Mumbai: The National Stock Exchange of India Ltd (NSE) has appealed to the Bombay high court to repeal an earlier order appointing two new auditors to test the trading software of Financial Technologies (India) Ltd.
Against the move: NSE has said that the judge’s decision to appoint two auditors amounts to ‘rewriting the contract between the parties’. Abhijit Bhatlekar / Bloomberg
India’s largest bourse has challenged the court’s 30 January order by a single judge that appointed audit and consultancy firm Deloitte Touche Tohmatsu and technology company Wipro Ltd to audit the software used by brokers to connect to the exchanges.
NSE has said in its appeal that the judge’s decision to appoint two auditors amounts to “rewriting the contract between the parties”.
The software, which allows brokers to access different products on different stock exchanges on a single screen, has been at the centre of a legal battle between NSE and Financial Technologies after the exchange kept the firm on a watch-list and rejected its application for providing the software.
Financial Technologies, in its Bombay high court lawsuit, had said NSE had put it on a watch-list with “malafide intentions of stifling competition”. The firm has a 32% stake in the Multi Commodity Exchange of India Ltd (MCX), the country’s largest commodity exchange that has at least an 80% share of the business. It claims to have sold 400,000 software licences.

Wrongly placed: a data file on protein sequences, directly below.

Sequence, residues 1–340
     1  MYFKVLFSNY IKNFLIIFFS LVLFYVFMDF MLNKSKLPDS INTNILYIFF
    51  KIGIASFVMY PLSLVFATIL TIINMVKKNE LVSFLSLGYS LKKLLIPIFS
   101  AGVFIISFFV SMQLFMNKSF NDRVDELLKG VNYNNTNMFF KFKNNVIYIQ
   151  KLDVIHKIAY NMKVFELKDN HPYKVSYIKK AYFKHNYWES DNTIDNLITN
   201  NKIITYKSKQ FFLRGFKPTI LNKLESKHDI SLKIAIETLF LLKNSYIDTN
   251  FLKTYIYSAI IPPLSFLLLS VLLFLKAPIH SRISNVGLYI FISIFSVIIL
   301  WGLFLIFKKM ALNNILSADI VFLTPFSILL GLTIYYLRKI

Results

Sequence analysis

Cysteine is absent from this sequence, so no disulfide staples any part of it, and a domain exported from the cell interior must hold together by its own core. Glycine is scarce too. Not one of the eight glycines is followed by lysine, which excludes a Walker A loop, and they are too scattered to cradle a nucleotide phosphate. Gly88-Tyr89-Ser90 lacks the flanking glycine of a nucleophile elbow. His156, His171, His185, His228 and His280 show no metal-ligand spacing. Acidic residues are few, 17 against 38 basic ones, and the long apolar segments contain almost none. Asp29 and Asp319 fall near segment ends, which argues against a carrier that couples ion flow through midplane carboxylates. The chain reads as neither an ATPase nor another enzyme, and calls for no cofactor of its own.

In a 12 January order, the high court said, “The allegations in respect of malafides” have “considerable substance”, but without giving an opportunity to NSE to reply “it is not proper to decide as to whether the complaint regarding the defective software...is reasonable” and whether NSE’s approach is “rather malafide” towards Financial Technologies. Subsequenly, on 30 January, it ordered for a systems audit and said NSE should not deny approval for the product for new users and existing users should continue to use it.
In its appeal, NSE has said it had placed Financial Technologies on a watch-list in “good faith”, based on deficiencies in the software reported by trading members.
The exchange noted that Financial Technologies, like other software vendors, had agreed to comply with certain terms and conditions, including software quality and access only to authorized persons. According to the undertaking, NSE had the right to appoint auditors to test the software whenever it thought necessary.
Financial Technologies “miserably failed and neglected to comply with the terms and conditions of the undertaking as an approved vendor”, NSE said in its appeal.
The country’s largest exchange has provided 10 instances where its members had complained about Financial Technologies’ software, even citing specific complaints. Mint couldn’t independently verify these.
NSE had earlier appointed an auditor, iSec Services Pvt. Ltd, to test the software, but Financial Technologies did not agree to it.
MCX-SX, a stock exchange promoted by MCX and Financial Technologies, competes closely with NSE in currency futures.